Unschooling is not leaving kids to their own devices until they show an
interest in learning a given subject.
Unschoolers do not expect interests to arise out of nothing.
As an unschooling parent I offer ideas,
information, activities, starting points, and material to my
children as opportune moments arise, not out of nothing, but out of the
experiences that are created by mindful living in the world—walking
in the woods, visiting museums, watching movies, reading books, going
to the theater, swimming in the ocean. Every moment in life offers
opportunities for learning and investigation.
We went to the Rose Parade and my 12 yo daughter wondered aloud why it
doesn't smell like roses even when you're right up close to the floats.
There was a great opportunity to talk about plants being grown for
various purposes—and how that is done—tomatoes raised for
transportability rather than taste, flowers for longlastingness rather
Unschooling families live in a learning world—no division
of life into school time and not-school time.
We had an earthquake here last week (California) and we spent
considerable time watching the news about it and reading and
understanding what causes earthquakes and how their magnitude is
measured and also how buildings are constructed to be more safe in
earthquakes. Then the earthquake in Bam, Iran, struck. It was the same
magnitude as the one we'd just experienced. My husband is Iranian, so
this adds to our focused interest there. We read about Bam itself, a
city whose buildings were thousands of years old and absolutely
gorgeous—all gone now. We found a website with fantastic pictures of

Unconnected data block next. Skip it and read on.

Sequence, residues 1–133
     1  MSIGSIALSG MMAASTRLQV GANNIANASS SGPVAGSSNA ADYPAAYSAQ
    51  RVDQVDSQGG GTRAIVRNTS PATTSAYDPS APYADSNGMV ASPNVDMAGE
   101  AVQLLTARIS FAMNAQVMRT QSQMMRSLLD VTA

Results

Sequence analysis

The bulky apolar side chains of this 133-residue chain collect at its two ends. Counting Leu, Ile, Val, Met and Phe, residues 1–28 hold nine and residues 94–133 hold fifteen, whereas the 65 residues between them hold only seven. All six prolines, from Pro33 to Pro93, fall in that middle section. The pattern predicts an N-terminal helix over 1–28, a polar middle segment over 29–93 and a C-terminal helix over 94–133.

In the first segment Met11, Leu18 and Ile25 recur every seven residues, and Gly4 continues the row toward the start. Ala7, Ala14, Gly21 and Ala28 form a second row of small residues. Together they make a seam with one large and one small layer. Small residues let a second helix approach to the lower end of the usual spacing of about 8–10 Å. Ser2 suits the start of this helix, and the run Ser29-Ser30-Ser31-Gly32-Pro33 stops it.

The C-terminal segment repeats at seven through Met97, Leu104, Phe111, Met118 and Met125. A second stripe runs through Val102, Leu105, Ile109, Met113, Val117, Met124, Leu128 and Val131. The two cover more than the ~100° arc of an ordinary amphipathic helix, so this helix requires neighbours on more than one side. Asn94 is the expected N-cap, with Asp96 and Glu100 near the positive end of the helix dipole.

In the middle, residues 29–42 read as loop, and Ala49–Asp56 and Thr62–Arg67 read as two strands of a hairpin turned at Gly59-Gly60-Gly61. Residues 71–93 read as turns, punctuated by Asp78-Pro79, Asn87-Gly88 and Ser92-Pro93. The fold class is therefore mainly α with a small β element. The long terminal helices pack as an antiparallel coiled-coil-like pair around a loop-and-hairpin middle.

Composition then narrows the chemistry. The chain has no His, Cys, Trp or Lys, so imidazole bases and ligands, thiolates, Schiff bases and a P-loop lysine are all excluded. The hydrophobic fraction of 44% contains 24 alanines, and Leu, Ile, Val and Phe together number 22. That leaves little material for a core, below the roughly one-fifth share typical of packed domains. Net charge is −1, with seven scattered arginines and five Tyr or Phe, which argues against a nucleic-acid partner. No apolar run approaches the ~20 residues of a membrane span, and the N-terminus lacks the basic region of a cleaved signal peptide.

it taken just a few months ago. This whole last week we've been
immersed in ancient history, geography, geology, and architecture. We
wanted to make a donation to the Red Cross for helping the people of
Bam, and that brought up the question of why there is the Red Crescent
in Iran, not a Red Cross. A little cultural geography thrown into the
mix. We also, by chance, watched a movie, called "Cup Final," the other
night, which was about an Israeli soldier being held captive by a PLO
guerrilla group. Again, that tied in with us spending time talking
about the middle east and religions there and the long history.
Unschoolers do not preplan a curriculum and we don't have predetermined
lesson plans. What we have instead is an extremely rich environment for
learning in which, for example, the globe sits on the living room
coffee table and is regularly handled and part of our everyday life
(not pulled out for a specific lesson). Learning is valued and
constant. Connections are looked for everywhere and the whole family is
involved and loves to explore ideas and gain new information and
knowledge. Learning happens inside the learner's own head and is not
always apparent to outside observers, but the proof, for me, is in the
pudding. My kids think learning is what life is for. And I agree
Pam Sorooshian, January 2004